Today’s New York Times business section featured an interview with Kathy Savitt, CEO of the new social network and e-commerce site Lockerz. Savitt has held high-level posts with Amazon and American Eagle before this start-up.
Savitt comments on what she has learned about the business world. Nursing home administrators, take note:
“Guts is one of them. We talk about having the courage to work through failure, the courage to work through tough customer feedback, the courage to confront brutal facts in your business…
“…And finally, optimism. It’s easy for people at many companies to become cynical, which leads to politics, which can create a cancer that can topple even the greatest companies.”
What makes people cynical? “A good example is when a team member has a great idea or has a big issue with a customer experience and no one responds, no one even acknowledges it, no one gets back to them. The idea festers, problems mount, no one listens. That’s a recipe for cynicism.
“Another cell of cynicism is when you feel a company is not actually living out its core values. And just a lack of overall communication can cause problems. Leadership can have the greatest of intentions, and their senior team may feel completely bought into the vision. But if people on the front-lines don’t know what’s going on in the company, you might have a seed of cynicism that can grow.”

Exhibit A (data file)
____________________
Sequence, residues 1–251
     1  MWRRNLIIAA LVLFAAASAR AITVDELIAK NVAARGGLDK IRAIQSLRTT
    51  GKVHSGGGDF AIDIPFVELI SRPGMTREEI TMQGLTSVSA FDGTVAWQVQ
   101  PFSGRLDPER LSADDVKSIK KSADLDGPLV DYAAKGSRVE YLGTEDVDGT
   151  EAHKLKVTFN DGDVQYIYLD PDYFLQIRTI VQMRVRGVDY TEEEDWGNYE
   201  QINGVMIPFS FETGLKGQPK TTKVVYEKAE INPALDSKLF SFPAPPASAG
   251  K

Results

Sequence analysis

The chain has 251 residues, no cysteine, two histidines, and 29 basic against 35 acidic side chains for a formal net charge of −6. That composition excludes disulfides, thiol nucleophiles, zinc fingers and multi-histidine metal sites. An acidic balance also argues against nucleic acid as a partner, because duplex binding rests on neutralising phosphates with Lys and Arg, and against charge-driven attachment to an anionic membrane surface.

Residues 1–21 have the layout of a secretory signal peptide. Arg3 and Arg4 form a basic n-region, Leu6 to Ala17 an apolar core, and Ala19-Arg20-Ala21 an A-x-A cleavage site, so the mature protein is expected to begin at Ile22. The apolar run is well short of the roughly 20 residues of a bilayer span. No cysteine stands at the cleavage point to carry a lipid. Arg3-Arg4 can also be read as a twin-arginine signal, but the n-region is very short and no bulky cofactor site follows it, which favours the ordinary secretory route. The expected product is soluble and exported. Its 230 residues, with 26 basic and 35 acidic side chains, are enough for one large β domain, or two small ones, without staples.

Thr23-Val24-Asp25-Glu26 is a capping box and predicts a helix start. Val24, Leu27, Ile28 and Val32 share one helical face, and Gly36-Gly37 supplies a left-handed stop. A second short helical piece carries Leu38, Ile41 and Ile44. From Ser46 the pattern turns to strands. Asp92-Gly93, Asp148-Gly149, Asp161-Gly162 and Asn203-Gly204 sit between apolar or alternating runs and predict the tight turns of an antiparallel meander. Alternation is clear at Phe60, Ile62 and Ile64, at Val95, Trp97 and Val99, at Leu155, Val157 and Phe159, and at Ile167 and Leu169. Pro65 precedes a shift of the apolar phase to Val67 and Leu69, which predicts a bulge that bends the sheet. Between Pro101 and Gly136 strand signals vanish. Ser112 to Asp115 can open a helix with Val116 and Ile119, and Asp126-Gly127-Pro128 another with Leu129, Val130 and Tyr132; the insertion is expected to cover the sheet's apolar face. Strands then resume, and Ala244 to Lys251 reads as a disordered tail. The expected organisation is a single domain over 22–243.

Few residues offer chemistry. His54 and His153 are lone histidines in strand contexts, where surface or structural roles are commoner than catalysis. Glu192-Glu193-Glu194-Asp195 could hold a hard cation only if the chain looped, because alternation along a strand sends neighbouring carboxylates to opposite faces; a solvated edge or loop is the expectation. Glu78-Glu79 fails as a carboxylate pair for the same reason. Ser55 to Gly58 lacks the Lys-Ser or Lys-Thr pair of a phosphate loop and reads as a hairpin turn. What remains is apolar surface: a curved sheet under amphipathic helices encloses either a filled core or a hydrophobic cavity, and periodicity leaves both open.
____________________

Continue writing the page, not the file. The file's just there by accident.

On hiring: “It’s not enough just to have I.Q. You have to have active listening skills and really want to communicate with someone…
“Some of the questions I ask all the time include, what did you love most about the work you just finished doing? And if you could design your life in terms of work, what would that job actually be? If you could take 100 percent of your abilities and create a job description, what would it look like?
“…Another question I ask all the time is, if everyone here was a C.E.O. and I was to make you the C.E.O. of something on Day One, what would it be? I ask that because I like to get a sense of what you feel so passionately about that you want to own.”
Good advice for all of us. The full interview is here: http://www.nytimes.com/2010/12/05/business/05corner.html?_r=1&scp=1&sq=savitt&st=cse